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LP or Oil

Hilly
Hilly Member Posts: 417
Where I live we have a couple of heating options

Oil Electric LP and then there's the others of course ie geothermals, air-water/air, solar, wind.



So with the real day to day choices being Oil, KW's and LP I really like the idea of the gas boilers for their compact sizing, eff ratings, and no oil on site.



Okay so to the question, should I be aware of anything with regards to running a LP version of a boiler opposed to a NG version? Are there any short comings I might not be knowledgeable to? I just plan to build a house in the next 23 months and I want to get my head wrapped around how I'll heat it. It'd be so much easier if we just had NG here, but that will never happen in my lifetime. Getting a 50K boiler in oil would be expensive so here, there's pretty much two or three boilers and that's about. I live up in Newfoundland, so supply and demand doesn't give you much option.

Comments

  • Jamie Hall
    Jamie Hall Member Posts: 17,047
    Newfoundland?

    My word, lad, your options are limited -- and nothing is going to be cheap.  The maritimes are bad enough!



    Look very closely at your electricity rates.  I honestly don't know what they are in Newfoundland, but in the maritimes and particularly Quebec they are low enough to be seriously competitive.  On the other hand, if the power goes out (and it does -- remember the great Quebec blackout?) things can get very chilly very fast!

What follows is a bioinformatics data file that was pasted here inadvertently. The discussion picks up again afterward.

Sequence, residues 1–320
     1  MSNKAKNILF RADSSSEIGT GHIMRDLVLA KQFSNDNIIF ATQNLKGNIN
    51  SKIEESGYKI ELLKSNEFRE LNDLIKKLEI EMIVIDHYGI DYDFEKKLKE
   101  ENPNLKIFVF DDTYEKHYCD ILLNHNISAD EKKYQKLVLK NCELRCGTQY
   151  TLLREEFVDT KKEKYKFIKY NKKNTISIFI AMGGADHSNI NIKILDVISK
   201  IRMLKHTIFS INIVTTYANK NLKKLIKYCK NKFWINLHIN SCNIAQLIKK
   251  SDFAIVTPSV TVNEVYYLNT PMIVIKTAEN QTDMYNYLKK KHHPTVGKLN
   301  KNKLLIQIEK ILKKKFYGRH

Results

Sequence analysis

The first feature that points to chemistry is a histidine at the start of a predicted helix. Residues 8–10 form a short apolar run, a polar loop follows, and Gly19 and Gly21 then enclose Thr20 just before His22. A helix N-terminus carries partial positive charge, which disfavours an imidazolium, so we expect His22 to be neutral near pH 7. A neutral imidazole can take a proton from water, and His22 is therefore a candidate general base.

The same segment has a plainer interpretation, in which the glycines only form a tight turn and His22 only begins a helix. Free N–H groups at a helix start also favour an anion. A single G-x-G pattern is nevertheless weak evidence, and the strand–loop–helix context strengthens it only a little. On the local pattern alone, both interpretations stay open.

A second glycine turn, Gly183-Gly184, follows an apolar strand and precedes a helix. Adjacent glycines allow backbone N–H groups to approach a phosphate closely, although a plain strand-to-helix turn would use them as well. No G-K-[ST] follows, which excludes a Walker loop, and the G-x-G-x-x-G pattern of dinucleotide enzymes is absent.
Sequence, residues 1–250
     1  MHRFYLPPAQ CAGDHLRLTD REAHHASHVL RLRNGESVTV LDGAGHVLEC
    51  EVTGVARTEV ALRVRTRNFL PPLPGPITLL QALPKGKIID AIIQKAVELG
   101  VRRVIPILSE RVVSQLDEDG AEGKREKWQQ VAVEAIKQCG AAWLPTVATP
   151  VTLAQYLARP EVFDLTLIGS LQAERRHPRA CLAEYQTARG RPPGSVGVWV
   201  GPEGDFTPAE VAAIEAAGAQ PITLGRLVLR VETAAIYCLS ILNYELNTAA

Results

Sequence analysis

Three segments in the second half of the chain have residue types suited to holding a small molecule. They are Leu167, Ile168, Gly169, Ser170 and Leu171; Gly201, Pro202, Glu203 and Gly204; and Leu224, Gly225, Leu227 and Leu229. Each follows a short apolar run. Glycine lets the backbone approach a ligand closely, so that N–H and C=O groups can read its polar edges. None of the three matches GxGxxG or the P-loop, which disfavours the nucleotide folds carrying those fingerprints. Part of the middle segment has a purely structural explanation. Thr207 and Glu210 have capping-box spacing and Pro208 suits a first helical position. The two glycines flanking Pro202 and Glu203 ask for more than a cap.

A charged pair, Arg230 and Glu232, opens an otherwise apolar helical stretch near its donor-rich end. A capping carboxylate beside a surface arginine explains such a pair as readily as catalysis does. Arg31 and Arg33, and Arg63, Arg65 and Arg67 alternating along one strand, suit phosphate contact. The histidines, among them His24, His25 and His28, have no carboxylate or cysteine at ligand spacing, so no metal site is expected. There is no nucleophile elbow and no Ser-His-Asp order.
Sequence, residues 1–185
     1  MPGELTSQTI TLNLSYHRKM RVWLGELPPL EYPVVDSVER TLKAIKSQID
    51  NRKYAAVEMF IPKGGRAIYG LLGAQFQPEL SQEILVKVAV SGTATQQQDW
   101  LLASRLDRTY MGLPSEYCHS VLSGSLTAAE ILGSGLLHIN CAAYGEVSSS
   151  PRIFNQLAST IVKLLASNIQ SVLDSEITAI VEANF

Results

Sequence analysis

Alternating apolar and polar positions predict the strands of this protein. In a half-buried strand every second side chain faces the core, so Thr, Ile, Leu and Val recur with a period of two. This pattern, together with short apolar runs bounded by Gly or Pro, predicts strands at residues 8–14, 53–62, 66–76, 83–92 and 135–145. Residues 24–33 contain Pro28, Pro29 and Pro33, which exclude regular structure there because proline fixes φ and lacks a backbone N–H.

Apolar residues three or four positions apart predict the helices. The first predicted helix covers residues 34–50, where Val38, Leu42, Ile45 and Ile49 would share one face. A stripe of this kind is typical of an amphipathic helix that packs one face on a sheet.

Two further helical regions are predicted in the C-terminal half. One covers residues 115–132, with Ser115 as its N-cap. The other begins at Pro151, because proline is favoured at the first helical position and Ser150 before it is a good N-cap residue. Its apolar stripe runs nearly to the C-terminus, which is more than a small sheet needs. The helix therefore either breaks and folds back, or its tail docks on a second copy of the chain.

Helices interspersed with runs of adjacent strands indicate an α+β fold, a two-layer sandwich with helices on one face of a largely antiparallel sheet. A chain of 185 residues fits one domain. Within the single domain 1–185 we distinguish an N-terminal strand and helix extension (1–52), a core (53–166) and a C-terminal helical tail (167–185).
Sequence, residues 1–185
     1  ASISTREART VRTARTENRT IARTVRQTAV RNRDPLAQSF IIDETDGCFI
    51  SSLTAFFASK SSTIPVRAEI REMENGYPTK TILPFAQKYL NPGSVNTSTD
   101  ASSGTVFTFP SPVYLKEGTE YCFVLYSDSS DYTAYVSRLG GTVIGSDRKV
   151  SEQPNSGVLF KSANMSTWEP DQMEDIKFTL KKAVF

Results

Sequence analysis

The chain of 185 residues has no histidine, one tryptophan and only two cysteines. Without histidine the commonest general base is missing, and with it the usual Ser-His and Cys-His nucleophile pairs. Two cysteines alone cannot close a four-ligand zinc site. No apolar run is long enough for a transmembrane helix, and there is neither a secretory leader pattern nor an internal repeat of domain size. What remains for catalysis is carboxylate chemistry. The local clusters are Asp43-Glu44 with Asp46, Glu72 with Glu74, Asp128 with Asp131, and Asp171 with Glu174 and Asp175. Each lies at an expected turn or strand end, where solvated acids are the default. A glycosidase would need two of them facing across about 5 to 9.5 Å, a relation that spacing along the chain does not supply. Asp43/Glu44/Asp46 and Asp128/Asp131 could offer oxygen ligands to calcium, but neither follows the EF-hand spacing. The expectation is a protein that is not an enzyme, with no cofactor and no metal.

Having done that, for me it would not be so much a question of the size of the physical size of the boiler, nor efficiency -- you can get very close with either LP or oil -- but who you have to install and service it and the relative cost.  There are pluses and minuses to both LP and oil, but what you really want to have is someone who knows what he or she is doing to install it, and someone who can maintain it in really top shape.



    You mention not having oil on site as being a plus for LP.  True.  Not to mention that you can use LP for cooking as well.  However, having oil on site isn't really a problem, so I at least wouldn't worry about that.
    Br. Jamie, osb
    Building superintendent/caretaker, 7200 sq. ft. historic house museum with dependencies in New England